The government currently faces hurdles in attracting foreign investments and is resolved to address them promptly, as revealed by Prommin. Recently, Prime Minister Han Aung called for an urgent formation of an investment problem-solving committee. Spearheaded by Professor Tongthong Chandransu, the committee aims to eliminate various roadblocks, laying out a smoother path towards increased investment possibilities with the formation of the “Ease of Doing Business” committee.
Prommin also discussed another exciting development focusing on promoting Thailand’s soft power through the elevation of the One Tambon One Product (OTOP) concept. Recently, the premier presided over the inaugural meeting of the National Soft Power Strategy Committee. Their mission? To help to unlock the latent potential of Thai products, ultimately generating revenue for the nation.
By introducing digital money distribution via “digital wallets,” the government aims to create opportunities, offering 10,000 baht to each individual aged 16 years and above. Prommin clarified that this administration manages money differently, injecting a considerable sum of 5.6 trillion baht in digital money into the economy without destabilizing the nation’s fiscal discipline.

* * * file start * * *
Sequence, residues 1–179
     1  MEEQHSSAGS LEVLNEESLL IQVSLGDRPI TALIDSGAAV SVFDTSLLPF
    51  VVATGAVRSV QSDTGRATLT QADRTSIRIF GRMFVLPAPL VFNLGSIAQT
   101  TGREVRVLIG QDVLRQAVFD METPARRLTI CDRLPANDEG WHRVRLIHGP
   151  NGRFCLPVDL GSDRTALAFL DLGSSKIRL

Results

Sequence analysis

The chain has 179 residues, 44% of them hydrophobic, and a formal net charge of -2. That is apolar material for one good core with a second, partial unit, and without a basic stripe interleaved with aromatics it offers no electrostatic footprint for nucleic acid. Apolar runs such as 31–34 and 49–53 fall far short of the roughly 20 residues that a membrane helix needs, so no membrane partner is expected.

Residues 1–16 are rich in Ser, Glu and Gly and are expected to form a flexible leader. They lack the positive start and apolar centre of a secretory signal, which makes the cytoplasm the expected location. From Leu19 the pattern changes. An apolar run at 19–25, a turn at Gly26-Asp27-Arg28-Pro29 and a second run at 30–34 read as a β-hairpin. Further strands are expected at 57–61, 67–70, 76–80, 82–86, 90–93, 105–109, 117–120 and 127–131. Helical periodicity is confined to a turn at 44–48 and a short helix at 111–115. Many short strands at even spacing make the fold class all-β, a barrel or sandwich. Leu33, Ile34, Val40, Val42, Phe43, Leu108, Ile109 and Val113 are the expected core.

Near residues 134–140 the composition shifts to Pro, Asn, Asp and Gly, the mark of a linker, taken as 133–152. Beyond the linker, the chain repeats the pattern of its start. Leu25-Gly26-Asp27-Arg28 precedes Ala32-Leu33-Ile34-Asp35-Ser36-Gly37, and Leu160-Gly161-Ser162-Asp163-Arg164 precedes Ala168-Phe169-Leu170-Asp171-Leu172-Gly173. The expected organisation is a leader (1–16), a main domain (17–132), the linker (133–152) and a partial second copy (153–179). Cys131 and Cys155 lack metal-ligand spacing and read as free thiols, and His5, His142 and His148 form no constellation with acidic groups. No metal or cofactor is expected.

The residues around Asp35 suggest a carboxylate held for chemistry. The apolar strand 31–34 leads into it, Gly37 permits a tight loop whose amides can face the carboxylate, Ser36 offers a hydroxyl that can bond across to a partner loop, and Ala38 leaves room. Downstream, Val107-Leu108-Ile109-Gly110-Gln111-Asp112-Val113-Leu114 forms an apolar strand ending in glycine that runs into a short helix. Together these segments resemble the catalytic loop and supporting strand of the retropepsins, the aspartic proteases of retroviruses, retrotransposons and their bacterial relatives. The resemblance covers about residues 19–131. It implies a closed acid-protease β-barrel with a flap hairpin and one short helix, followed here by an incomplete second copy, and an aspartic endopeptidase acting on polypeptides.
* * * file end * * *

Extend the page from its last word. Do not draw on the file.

At a high-level committee meeting, led by the premier, it was confirmed that this initiative would not affect the nation’s credit rating. Previous concerns surrounding the usage and repayment of this sum have been addressed, according to Prommin.
The government reiterates the paramount importance of integrating digital money into the economy to stimulate economic growth. When people purchase goods, production increases, leading to further job openings. Ultimately, the government can garner more taxes, elaborated Prommin.
The government ponders various alternatives to finance the digital wallet initiative. These include employing the annual budget, tapping funds under Article 28 of the Financial Discipline and Treasury Act, or resorting to borrowing, if necessary. Deputy Finance Minister Julapun Amornvivat will lead the committee in summary of these options.
The current plan considers the redirection of funds from unnecessary projects in the annual budget. Major procurements will be held back if not critical and budget will be repurposed for upkeep and maintenance projects.
+Another approach hints towards utilization of Article 28, enabling state-level financial institutions to release funds in advance. The government views this as a feasible approach, despite pushing the fiscal limits.
The last resort would be direct borrowing, which wouldn’t sway the public debt-to-GDP ratio. The committee is underway analyzing and reaching a consensus on the most suitable prospects or a mix of various options, added Prommin. However, the work plan, including forthcoming policy implementations, ought to be closely monitored to ensure success and to tackle any unforeseen challenges head-on, concluded Prommin.